Tuesday, May 31, 2005

Quantum Weirdness: A Readers Guide

Einstein (and just about everyone else, for that matter) found some aspects of Quantum Mechanics profundly disturbing. Heisenberg's Uncertainty Principle and the probabilistic nature of quantum theory provoked him to the make the famous statement: "God Does Not Play Dice with the Universe". The EPR thought experiment of the 1930's (Einstein was the E), crystalized some of the strange elements of quantum mechanics, which almost (but not quite!) seems to violate relativity - (see however the post below).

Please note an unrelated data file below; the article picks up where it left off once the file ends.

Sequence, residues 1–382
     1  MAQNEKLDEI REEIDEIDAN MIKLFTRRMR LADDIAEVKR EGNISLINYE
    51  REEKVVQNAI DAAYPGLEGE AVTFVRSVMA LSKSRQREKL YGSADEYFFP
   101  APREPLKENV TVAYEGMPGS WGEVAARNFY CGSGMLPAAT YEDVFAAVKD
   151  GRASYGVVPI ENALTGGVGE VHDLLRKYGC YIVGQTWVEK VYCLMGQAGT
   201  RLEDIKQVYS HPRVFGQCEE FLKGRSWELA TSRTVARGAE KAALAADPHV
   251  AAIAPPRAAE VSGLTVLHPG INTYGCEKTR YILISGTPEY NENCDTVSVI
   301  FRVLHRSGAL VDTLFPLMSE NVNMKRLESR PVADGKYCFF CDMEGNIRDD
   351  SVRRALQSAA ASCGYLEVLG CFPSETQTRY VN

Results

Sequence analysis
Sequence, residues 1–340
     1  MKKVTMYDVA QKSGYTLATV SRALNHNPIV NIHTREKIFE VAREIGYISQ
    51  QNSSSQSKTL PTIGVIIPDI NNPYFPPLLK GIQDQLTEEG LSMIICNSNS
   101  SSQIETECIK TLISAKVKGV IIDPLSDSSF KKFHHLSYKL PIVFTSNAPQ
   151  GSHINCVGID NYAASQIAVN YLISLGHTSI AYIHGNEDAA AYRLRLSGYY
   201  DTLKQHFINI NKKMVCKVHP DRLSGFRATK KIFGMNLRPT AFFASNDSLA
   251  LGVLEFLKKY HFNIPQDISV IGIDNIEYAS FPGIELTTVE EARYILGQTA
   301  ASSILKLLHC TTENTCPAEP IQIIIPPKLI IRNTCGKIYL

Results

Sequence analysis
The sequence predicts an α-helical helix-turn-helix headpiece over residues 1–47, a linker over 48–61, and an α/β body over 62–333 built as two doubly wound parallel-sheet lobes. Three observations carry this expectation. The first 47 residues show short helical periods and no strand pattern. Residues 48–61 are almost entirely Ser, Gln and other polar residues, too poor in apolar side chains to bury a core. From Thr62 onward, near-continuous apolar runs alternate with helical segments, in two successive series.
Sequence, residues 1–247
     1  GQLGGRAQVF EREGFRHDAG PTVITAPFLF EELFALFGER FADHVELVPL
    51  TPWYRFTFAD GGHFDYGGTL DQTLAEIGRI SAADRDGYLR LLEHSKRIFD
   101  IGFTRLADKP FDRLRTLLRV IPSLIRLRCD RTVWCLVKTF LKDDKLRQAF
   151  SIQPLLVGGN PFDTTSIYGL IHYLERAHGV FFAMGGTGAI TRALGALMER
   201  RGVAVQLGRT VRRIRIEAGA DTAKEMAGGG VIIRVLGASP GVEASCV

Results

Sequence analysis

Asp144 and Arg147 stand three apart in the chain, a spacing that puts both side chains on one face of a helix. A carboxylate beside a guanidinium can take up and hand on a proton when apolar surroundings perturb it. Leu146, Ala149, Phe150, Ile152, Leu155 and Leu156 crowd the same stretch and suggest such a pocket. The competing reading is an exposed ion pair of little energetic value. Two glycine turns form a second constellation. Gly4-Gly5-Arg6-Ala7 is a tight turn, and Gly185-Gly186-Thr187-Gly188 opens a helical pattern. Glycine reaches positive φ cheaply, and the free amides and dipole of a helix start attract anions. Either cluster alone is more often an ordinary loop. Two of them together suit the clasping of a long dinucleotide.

Some of the strangeness of quantum mechanics was nicely isolated in Bell's Theorem, proposed in 1964 by John Bell, which seems to indicate there's a fundamental nonlocal nature to reality - according to quantum theory.

The simplest and most straightforward exposition of quantum weirdness I've found is in the article Quantum Mysteries for Anyone reprinted in "Boojums All the Way Through" by David Mermim.

can be downloaded as an ebook. Has a lot of quantum theory mixed in with very well-written biography by a physicist and long-time contributor to the New Yorker magazine.

For the more mathematically minded:

Quantum Theory, Concepts and Methods by Asher Peres, was the most helpful single reference for me.

The Feynman Lectures on Physics: Volume III is a classic.

Quantum Computation and Quantum Information
by Isaac L. Chuang, Michael A. Nielsen is a clear exposition of those topics.

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